Charles Darwin’s theory of evolution is now widely accepted and taught in most schools, but the convincing evidence he predicted would be discovered has not eventuated.
The past half-century has not been kind to Darwin’s theory of evolution. When his now world famous book entitled On The Origin Of Species was published in 1859, Darwin admitted the fossil record he cited to support his theory was full of gaps. He predicted many of the missing transitional species would be found in the years following the publication of his book.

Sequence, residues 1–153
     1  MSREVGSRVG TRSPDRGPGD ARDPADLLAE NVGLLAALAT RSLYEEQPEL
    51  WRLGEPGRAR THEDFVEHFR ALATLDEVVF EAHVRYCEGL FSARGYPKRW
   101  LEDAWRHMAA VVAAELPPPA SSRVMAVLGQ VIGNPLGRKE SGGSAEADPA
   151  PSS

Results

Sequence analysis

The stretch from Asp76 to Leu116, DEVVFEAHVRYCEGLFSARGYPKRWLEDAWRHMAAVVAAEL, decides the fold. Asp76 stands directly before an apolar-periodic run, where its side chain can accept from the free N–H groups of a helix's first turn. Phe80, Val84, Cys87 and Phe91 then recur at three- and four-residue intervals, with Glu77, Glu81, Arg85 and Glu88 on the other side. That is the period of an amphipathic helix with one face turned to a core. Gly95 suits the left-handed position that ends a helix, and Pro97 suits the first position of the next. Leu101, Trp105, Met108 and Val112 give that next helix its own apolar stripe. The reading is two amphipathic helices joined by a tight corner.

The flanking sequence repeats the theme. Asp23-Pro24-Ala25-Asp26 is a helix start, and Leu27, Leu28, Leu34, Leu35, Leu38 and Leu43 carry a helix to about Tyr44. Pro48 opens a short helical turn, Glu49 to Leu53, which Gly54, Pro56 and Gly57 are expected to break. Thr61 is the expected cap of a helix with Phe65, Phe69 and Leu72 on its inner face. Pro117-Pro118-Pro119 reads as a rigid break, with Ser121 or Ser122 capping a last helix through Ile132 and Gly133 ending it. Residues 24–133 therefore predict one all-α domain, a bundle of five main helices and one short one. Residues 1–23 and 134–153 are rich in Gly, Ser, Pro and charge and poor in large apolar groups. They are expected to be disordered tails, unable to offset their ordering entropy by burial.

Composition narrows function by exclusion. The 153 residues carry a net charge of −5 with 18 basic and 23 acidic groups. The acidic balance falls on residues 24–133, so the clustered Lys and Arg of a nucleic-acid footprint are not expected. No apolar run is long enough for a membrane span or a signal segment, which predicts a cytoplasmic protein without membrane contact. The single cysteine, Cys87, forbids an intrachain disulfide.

More than 150 years later and with vast reaches of the planet having been explored, the fossil record still fails to demonstrate the necessary evidence to prove his theory. Meanwhile, new scientific discoveries in the field of microbiology and the complexities of the cell have further challenged Darwin’s theory.
These new discoveries undermining evolutionary thought have created a situation reminiscent of the Late Middle Ages, when nearly everyone believed the earth was the center of the universe. In the mid-1500s when Copernicus and Galileo conclusively proved the sun was the centre of the solar system the discovery was rejected by most people and Galileo was severely persecuted. In like manner scientists who challenge evolution today often endure ridicule from their colleagues for acknowledging publicly the growing anti-evolutionary discoveries.